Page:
We are well into the fourth wave of feminism, and believing in equality between men and women in terms of the law is well and truly mainstream. And yet, plenty of issues still need ironing out. Women are subject to rules on dressing a certain way at work that their male counterparts aren't, the gender pay gap shows little sign of closing, and the idea of men adopting women’s still makes some people baulk.
One large study 2013 into 13,000 brides found that 80 per cent of women take their partner’s last name, while research published in 2004 revealed that women have rejected using their partner’s name since the rise of feminism in the mid-1970s, but that trend began to slow down in the 1990s.
But actor Zoe Saldana and her actor husband Marco Perego-Saldana, who created a double-barreled surname with his wife’s, and actor Chris O’Dowd and journalist Dawn O’Porter, who added the prefix from her husband’s surname to her own, are among the most high-profile figures to experiment with their last names.
But does a man’s refusal to adopt a woman’s name really make him sexist? Some might argue that feminism should stretch beyond legislation into the most personal parts of our lives, including our names.
One man in his thirties, who replied “of course” when asked if he identifies as a feminist, said: “Me and my wife have double-barreled ours together. How could I expect her to take mine if I wasn't prepared to do the same? I find it strange when people want to carry on their family name so staunchly, we're about moving forward and not harping back.
“I think it kind of epitomises what's wrong with some parts of society and this idea of maintaining identity is sort of holding us back from progressing as a human race," he added.
A woman in her thirties, who says she doesn’t identify as a feminist, took a different view. “I think I have just always assumed I'd go with tradition and I feel OK with that,” she said. But the problem of children adopting surnames chimed with many.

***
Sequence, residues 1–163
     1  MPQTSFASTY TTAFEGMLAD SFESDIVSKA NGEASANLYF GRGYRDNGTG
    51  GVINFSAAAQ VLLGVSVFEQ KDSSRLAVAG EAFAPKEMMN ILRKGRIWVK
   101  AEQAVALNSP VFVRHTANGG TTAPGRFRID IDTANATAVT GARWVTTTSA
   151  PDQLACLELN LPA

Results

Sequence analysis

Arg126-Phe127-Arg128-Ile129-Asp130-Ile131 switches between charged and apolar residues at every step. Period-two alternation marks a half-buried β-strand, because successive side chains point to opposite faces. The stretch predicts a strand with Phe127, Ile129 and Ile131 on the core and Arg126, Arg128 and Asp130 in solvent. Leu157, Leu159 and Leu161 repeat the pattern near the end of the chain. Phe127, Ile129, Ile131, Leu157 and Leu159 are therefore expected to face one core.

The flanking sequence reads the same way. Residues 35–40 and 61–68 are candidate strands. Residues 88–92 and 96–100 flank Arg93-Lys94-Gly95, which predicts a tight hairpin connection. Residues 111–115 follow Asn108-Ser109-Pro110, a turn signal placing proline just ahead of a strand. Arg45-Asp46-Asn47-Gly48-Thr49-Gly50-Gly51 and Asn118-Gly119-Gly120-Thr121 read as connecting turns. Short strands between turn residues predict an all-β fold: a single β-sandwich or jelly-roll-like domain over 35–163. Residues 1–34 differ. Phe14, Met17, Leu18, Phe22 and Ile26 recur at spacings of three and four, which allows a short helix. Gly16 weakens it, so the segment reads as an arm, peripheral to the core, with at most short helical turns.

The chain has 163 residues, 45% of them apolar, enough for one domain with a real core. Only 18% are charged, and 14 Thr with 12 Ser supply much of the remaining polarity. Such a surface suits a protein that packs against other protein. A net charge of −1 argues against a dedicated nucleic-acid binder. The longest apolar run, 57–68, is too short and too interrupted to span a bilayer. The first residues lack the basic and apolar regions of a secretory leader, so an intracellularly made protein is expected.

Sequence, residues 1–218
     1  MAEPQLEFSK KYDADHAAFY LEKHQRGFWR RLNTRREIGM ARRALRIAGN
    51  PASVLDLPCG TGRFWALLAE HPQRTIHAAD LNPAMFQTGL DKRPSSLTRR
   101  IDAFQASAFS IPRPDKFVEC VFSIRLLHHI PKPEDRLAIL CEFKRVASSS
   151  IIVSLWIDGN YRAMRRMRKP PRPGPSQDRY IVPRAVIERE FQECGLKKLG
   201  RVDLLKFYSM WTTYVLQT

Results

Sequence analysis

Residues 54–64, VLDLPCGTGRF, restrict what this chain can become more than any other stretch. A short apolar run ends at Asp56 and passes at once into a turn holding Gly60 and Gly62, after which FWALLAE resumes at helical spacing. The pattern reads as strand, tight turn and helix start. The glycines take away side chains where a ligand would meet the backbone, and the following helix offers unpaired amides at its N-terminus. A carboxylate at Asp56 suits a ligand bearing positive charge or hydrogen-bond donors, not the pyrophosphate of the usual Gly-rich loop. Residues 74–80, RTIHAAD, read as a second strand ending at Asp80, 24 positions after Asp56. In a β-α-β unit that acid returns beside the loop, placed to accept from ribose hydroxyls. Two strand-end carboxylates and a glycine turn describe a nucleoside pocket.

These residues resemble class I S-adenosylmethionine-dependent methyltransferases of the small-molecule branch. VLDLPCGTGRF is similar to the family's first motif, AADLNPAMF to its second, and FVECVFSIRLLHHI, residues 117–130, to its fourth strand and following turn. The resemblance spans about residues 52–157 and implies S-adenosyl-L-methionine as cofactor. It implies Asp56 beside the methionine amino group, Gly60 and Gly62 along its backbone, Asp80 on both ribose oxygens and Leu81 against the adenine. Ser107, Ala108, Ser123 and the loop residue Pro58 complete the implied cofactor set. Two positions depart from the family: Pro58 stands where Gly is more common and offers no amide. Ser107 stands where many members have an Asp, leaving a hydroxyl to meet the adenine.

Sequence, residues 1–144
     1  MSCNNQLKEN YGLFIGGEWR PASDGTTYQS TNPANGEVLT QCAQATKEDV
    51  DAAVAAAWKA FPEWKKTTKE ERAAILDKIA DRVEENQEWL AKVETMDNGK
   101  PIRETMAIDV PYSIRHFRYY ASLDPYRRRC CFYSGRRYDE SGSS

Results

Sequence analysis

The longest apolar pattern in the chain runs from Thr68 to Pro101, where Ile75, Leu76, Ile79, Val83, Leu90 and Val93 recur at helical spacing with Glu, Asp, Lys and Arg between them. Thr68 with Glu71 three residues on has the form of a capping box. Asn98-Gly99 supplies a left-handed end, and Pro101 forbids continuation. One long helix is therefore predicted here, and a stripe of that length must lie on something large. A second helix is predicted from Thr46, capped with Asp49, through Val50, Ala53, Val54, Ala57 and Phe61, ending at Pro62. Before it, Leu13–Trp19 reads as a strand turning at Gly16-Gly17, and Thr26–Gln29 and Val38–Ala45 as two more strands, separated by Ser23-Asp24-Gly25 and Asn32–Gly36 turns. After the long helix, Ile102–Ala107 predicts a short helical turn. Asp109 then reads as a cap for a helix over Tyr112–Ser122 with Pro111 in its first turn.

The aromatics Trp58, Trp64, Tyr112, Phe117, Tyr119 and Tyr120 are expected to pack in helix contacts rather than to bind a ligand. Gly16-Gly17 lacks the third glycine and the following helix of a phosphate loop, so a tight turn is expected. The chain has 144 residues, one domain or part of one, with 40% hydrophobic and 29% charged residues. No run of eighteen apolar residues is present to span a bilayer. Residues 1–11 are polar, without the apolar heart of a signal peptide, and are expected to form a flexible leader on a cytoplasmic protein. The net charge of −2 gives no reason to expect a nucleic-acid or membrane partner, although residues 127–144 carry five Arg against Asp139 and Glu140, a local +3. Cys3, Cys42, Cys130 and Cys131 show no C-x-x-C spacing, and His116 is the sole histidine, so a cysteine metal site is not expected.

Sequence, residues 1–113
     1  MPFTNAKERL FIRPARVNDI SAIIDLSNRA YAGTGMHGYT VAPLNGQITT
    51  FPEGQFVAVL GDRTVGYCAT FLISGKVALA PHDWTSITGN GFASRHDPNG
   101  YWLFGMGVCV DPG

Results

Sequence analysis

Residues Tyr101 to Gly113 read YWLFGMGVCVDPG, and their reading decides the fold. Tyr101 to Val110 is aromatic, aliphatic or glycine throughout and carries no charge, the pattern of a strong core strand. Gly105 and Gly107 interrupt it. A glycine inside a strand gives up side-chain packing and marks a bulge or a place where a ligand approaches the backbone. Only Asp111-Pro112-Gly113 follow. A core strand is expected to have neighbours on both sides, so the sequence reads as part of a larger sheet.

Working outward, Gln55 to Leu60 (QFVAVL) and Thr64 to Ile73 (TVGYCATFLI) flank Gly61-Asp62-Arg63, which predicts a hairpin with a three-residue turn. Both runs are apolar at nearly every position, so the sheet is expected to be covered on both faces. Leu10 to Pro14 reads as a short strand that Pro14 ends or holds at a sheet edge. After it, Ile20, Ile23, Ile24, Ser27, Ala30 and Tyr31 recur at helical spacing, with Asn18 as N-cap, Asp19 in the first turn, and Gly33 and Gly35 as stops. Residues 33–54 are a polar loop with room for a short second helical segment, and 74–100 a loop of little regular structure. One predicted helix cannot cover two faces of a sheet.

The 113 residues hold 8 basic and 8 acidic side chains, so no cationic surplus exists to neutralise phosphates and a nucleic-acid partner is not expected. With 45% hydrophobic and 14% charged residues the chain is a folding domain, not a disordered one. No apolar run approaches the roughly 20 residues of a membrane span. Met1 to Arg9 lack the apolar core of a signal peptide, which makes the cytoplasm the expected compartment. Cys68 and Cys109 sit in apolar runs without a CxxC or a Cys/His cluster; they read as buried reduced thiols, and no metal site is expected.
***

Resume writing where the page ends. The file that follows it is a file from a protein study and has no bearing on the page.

“My boyfriend has explicitly told me that he would never take my last name, if we ever get married,” said a woman in her twenties. “He would never force me to take his surname either, but would happily create a new last name with me. I find the issue comes, if we keep our own surnames, what would our children have?"
“I changed my name on everything except work) when I got married in 2009,” said another friend is her thirties. “Since then though neither of us can believe I did that!” said another “Motivations for doing it included wanting to have the same name as future children. If we were doing it over, I wouldn't expect him to change his name any more than he would expect me to change mine. We would both keep our own and double-barrel the kids.”
“I think it's sexist how assumed it is," argued another woman in her twenties. "But I don't think all men who want their wives to take their names are sexist. I think most of them just want the name to link up a new family unit rather than to show ownership of their wife in any way. And that's also why I think I will take my future husband's name. I want our children to have the same name as us, I don't like double surnames and if we took my name it makes tracing family history more complicated and disjointed."
What might highlight gender inequality in a relationship more than adopting a name or not, then, is how much controversy a partner's choices causes.
This is a perspective that Relate counsellor Arabella Russell highlights. Decided on the "name issue" is a one of the first tests a relationship might face, she says. “It's about managing our differences and having different views and beliefs is not uncommon.
"At the start of a relationship people focus on things like finishing each other sentences or being 'soul mates' or never disagreeing .But if you can navigate this you can navigate anything. Of course, issues with surnames can sometimes come down to upsetting traditional members of the family rather than any disagreement between the partners themselves.
She advises "Hearing if the other person is upset" but not allowing yourself to be informed by it. "Sometimes we don't want to be agreed with but understood. And sometime compromise arrise: and therein lies the double-barreled surname."
"Ultimately, it's about what works for the couple."Reuse content